June 20, 2011

Shooting Tips: How To Hit More Incoming Doves

The incomer requires a touch of finesse.

Standing in the shade along a tree-lined fence row with sweat dripping into your eyes and the thought of a cold adult beverage on your mind is not the time to worry about dropping an incoming dove.

The grey ghosts of fall can rocket toward you with surprising speed, so you need to be ready and able to move your scattergun with confidence.

Unlike crossing birds where swing through and shooting well in front of the doves is necessary, an incomer requires a touch of finesse.

However, in all cases, the old dove hunting adage is appropriate: “Shoot them where they eat, not where they seat.”

Focusing on head of the bird is the key to handling incomers. Keep your movements to a minimum as you watch the bird fly toward you and make your move when you can clearly see its head and eyes.

You don’t want to shoot too quickly when the bird might be out of effective killing range, and you don’t want to shoot too late when the downed bird may drop well behind you and be lost in the brush.

As the bird comes into that sweet spot, bring your shotgun to your shoulder with the barrel slightly behind the bird and pull through it. As the barrel clears the bird’s head, pull the trigger while continuing your swing.

This is often called the “move, mount, shoot” method of handling a target. The best time to touch off the shot is when the butt of the stock hits your shoulder – as long as your shotgun fits properly and you are tracking the bird’s movement with the muzzle as you bring your smokepole into shooting position.

Focusing on head of the bird is the key to handling incomers. Keep your movements to a minimum as you watch the bird fly toward you and make your move when you can clearly see its head and eyes.

Make your movement like you were trying to paint through the bird in one smooth motion – no stops, no drips, no errors.

If you do your part correctly, the head-shot bird should fall somewhere close to where you are standing, making for an easy retrieve.

Do not, under any circumstances, try to catch a falling bird with your free hand. Although you may have shot the bird in the head, you may also have broken a wing or leg bone that could lance through your hand and leave you searching for the nearest medical aid station.

Most misses on incoming birds are caused by the shooter rushing the shot. Patience is the key, along with keeping your focus on the bird’s head. Get prepared slowly and then shoot quickly once you know the bird is within killing range and you will have a good chance of taking home a limit.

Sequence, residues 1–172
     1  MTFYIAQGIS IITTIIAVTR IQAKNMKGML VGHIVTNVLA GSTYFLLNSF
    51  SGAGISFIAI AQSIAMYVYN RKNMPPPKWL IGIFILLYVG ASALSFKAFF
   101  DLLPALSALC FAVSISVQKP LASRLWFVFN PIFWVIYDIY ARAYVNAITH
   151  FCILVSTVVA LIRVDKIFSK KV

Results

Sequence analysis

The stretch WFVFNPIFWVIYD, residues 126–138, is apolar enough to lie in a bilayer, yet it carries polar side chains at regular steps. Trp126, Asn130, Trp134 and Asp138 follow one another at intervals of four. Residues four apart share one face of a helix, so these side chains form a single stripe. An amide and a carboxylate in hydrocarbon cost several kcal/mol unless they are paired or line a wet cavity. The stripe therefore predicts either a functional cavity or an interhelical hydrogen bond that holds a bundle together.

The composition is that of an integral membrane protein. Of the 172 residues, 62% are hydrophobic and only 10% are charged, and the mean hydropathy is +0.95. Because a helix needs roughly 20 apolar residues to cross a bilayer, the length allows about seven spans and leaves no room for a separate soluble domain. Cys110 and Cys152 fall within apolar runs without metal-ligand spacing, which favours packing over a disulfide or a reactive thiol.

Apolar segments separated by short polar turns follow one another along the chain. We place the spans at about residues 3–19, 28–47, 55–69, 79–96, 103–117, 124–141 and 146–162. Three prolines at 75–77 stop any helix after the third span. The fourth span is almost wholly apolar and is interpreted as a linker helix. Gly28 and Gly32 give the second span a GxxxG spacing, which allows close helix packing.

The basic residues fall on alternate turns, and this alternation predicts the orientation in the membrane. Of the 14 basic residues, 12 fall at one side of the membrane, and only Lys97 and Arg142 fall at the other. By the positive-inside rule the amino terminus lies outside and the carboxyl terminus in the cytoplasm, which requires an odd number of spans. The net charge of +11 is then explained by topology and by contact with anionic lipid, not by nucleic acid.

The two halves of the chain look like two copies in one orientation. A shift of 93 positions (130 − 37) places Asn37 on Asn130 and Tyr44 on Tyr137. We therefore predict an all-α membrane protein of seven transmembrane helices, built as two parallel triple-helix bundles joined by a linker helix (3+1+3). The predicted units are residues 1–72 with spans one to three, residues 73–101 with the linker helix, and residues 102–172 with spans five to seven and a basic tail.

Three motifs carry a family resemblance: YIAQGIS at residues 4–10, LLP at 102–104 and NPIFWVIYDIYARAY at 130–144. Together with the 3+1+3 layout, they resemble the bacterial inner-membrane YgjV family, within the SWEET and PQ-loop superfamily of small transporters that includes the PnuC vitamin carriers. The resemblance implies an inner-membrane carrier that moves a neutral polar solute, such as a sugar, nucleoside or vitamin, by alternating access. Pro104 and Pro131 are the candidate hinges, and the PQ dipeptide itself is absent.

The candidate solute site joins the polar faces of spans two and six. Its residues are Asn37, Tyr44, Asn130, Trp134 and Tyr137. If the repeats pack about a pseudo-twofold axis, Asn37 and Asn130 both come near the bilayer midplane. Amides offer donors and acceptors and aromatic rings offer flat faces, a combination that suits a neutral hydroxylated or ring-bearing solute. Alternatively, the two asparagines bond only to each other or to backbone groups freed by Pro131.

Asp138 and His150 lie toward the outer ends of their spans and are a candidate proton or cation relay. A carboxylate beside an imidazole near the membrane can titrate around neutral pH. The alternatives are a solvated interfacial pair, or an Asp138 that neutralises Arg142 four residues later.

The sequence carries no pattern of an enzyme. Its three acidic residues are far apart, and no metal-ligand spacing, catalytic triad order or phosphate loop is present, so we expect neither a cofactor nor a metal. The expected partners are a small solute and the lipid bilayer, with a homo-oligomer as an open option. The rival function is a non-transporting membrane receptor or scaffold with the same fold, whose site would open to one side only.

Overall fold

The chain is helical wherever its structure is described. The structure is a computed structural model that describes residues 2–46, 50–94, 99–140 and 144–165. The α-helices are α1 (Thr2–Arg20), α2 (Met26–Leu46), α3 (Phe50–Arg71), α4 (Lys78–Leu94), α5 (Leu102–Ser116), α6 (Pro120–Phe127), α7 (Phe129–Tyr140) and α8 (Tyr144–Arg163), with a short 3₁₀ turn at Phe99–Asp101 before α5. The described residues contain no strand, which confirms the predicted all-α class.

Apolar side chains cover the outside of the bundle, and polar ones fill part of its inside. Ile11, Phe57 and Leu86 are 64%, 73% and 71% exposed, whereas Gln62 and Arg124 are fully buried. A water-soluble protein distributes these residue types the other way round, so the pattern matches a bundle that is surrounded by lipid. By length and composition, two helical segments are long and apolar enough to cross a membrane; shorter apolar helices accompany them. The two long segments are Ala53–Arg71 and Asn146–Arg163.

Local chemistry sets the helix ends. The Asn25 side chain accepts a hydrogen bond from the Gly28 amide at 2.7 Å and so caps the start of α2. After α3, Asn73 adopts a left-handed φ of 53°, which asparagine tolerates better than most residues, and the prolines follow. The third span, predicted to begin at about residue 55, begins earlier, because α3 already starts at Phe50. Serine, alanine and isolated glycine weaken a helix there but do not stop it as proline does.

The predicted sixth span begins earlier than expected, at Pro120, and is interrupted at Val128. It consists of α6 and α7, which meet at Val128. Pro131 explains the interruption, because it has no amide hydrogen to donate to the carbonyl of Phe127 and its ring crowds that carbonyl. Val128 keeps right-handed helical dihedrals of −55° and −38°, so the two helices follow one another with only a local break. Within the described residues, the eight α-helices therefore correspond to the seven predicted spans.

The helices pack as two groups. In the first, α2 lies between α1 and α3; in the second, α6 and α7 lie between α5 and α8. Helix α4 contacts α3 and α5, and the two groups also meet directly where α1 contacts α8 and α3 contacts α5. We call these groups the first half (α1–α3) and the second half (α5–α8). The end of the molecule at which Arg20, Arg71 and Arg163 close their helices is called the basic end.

As a related tip, veteran sky blasters who bring home their limit of mourning or white-winged doves on a regular basis follow a simple formula for success.

That formula is: take those birds one at a time.

Dropping a dove without retrieving it is both poor form and wasteful. If the friendly neighborhood game warden is in the area, such unsportsmanlike conduct might also get you cited for “waste of game.”

As the bird comes into that sweet spot, bring your shotgun to your shoulder with the barrel slightly behind the bird and pull through it. As the barrel clears the bird’s head, pull the trigger while continuing your swing.

When you have managed to knock a bird out of the sky with a well-placed pattern of shot, watch the bird fall all the way to the ground and keep your eye on that spot.

Focus on any identifiable landmark – a clump of tall grass, a bush, a telephone pole or fence post that is in direct line with the fallen bird and immediately walk to that spot.

Don’t take your eyes off the spot. Don’t shoot another bird and don’t look down to load your shotgun. Retrieving that bird is your first and only mission.

Be aware that if the bird was wounded, it may have moved from the spot or it may be flapping its wings on the ground. Immediately check out any movement on the ground near the spot you marked with your eyes, but don’t forget your landmark.

Search in a circle, expanding the diameter around your landmark in ever increasing search patterns. If you want to take off your hat and mark the spot where you last saw the bird, be sure to place the hat high enough in the brush that you can find it later.

You don’t want to lose both the bird and your favorite chapeau.

Once your downed bird is safely tucked away in your game bag, go back to your shooting spot, congratulate yourself and repeat the process.

The author is a World Champion Live Flyer competitor, a AA Class sporting clays shooter and a National Sporting Clays Association Level II Shooting Instructor based in San Antonio.